Legislative News

Ideas, but no consensus on 252 committee

The Colorado Statesman

It appears that there won’t be any formal recommendations on changes to the law created by Senate Bill 13-252. The advisory committee charged with coming up with recommendations failed to come to consensus on any of the suggested changes proposed during the committee’s Sept. 4 meeting.

In their first meeting July 10 the group decided that any formal recommendations had to be approved by consensus; any opposition meant the recommendations would not go forward.

Another tumultuous week leading to recall elections

Big money, huge endorsements, countless campaign ads, and some major court decisions!
The Colorado Statesman

The seemingly never-ending soap opera that is the Colorado recall election took many more twists and turns this week, including a glimpse into massive campaign finance spending that has proven to be anything but grassroots, and complicated court rulings that have altered the direction of administering the Sept. 10 election.

Delegation addresses biz community at CACI congressional luncheon

Partisan split is obvious as members discuss energy, health care and immigration
The Colorado Statesman

Members of Colorado’s congressional delegation on Wednesday spoke to the state’s business community, covering a range of issues including energy, health care, immigration and regulatory affairs.

The partisan split was obvious — and expected — between the six congressional leaders from the U.S. House who spoke at the Colorado Association of Commerce and Industry’s inaugural congressional luncheon at the downtown Westin Hotel in Denver. Despite promising to work together on a range of topics, the ideological gap between the Republican and Democratic lawmakers appeared to run deep.

Comments by Marble elicit quick reaction

State senator comes under fire for remarks about diets of blacks, Latinos
The Colorado Statesman

Republican state Sen. Vicki Marble’s comments this week linking poor health within black and Latino communities to diets including barbecue chicken has led to Democrats declaring open season on Republicans.

For Democrats and critics of the Republican Party, her poorly chosen words offer the secret recipe for a “finger-lickin’” opportunity to pounce on a party that they have continually accused of being antiquated, disconnected and insensitive to minorities.

Colorado should lead country to fix national debt

Lamm, Coffman agree about spiraling effects
The Colorado Statesman

This story was updated on Sept. 2 to reflect comments from Fix the Debt concerning their fundraising.

Colorado ought to lead the nation in finding solutions to an overwhelming national debt that left unchecked may force the United States into the same kind of austerity measures that now plague the European economy.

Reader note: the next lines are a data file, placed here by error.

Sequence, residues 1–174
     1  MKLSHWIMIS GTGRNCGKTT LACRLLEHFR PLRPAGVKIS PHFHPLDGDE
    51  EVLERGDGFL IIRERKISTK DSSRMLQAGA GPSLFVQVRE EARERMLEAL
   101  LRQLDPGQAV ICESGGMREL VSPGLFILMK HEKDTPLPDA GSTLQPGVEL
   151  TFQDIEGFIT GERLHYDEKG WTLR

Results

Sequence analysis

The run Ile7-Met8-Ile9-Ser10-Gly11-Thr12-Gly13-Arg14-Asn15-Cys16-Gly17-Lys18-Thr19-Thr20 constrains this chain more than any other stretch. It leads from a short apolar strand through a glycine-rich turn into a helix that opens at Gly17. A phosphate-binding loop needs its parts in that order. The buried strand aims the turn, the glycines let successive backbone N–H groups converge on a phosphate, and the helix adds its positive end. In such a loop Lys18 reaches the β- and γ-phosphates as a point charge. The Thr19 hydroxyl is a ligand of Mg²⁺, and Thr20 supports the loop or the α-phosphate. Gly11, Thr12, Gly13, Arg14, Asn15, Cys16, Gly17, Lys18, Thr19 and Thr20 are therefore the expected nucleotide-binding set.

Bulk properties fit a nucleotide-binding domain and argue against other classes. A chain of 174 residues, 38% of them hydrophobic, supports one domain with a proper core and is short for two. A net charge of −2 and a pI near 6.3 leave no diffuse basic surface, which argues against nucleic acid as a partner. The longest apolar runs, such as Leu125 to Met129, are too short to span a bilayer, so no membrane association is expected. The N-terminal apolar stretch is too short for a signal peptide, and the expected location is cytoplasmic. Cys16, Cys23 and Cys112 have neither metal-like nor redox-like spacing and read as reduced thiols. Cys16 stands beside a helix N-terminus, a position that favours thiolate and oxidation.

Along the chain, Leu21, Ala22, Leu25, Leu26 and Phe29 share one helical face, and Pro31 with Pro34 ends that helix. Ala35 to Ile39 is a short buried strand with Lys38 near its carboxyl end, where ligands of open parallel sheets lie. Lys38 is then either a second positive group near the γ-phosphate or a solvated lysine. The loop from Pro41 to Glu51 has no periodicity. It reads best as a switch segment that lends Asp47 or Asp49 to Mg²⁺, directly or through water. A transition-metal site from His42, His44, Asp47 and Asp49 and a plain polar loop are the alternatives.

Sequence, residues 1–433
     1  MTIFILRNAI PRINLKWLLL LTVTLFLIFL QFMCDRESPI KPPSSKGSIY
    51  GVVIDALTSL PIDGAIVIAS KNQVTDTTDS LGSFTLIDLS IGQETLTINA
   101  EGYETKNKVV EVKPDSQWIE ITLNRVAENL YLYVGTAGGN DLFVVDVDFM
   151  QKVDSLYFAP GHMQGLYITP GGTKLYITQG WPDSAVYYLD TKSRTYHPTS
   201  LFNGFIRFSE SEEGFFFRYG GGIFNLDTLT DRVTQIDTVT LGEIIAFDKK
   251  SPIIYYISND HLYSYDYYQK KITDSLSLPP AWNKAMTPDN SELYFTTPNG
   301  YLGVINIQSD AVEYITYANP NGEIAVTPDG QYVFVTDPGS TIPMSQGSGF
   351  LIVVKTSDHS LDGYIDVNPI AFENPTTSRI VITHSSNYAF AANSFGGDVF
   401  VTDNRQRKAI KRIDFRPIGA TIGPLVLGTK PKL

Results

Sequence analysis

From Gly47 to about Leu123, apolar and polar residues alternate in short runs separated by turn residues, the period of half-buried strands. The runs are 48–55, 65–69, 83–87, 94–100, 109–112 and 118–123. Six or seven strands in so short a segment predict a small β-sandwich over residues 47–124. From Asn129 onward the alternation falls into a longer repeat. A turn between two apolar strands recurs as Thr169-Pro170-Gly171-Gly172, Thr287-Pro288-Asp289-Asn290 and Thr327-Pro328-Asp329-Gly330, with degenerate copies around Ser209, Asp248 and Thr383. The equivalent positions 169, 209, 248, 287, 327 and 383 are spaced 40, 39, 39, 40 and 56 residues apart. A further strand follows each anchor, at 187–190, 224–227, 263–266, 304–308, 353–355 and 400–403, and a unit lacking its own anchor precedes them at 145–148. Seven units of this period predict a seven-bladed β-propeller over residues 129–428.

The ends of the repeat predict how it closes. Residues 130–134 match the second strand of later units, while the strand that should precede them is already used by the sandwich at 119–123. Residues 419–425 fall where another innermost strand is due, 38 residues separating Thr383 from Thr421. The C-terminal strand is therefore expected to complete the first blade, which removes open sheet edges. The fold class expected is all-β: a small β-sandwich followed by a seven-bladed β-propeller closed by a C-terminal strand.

Political gunfire erupts in both recall campaigns

The Colorado Statesman

The first-ever Colorado recall season is in full swing as two Democrats — Senate President John Morse of Colorado Springs and Sen. Angela Giron of Pueblo — defend themselves against an onslaught of political gunfire.

The two lawmakers face recall elections after supporting a package of gun control measures this year at the legislature, including banning high-capacity ammunition magazines of more than 15 rounds and requiring universal background checks and fees.

The recall elections are the first in Colorado history for sitting state lawmakers.

Recall elections revised; no Supreme Court review

Make room for the Libertarian candidate in upcoming recall elections
The Colorado Statesman

Recall elections to oust Senate President John Morse of Colorado Springs and state Sen. Angela Giron of Pueblo were once again thrown into flux this week after a Denver District Court judge’s ruling essentially made mail-ballot voting impossible. A few days later, the Colorado Supreme Court declined to hear the case on appeal and let the District Court ruling stand.

Judge Robert McGahey ruled from the bench Monday evening after hearing a day’s worth of arguments on a lawsuit brought by the Colorado Libertarian Party.

‘Good bipartisan policy’ is goal of new leg director

Tracee Bentley replaces Christine Scanlan as Hickenlooper’s liaison
The Colorado Statesman

Tracee Bentley acknowledges that she has big shoes to fill. As Gov. John Hickenlooper’s new legislative director, she is replacing former Rep. Christine Scanlan, a Democrat, who served the governor since he was elected in 2010.

“They’re so big I don’t think I can fill them,” Bentley laughed as she described the changing of the guard in the governor’s legislative office. “But I’ll do my best.”

Advisory committee says SB 252 is feasible, but…

The Colorado Statesman

The advisory committee trying to decide whether SB 13-252 is feasible is closing in on an answer: “Yes, but.”

The committee met Wednesday to review the legislation in-depth and discuss just how much it would cost for the two impacted rural electric co-ops to meet the 20 percent renewable energy standard (RES) required under SB 252. That standard must be met by 2020.

Ballots set for legislative recall elections

Sens. Morse, Giron will face voters on Sept. 10; campaigns in full gear
The Colorado Statesman

With legal challenges behind, campaigns are in full swing in Senate Districts 3 and 11 where Sen. Angela Giron of Pueblo and Senate President John Morse of Colorado Springs are facing recalls. For political observers, the odd-year summer battles are historic. The two recalls are the first for sitting lawmakers in state history.

But what will happen on Sept. 10 when clerks in El Paso and Pueblo counties hold elections is still very much up in the air.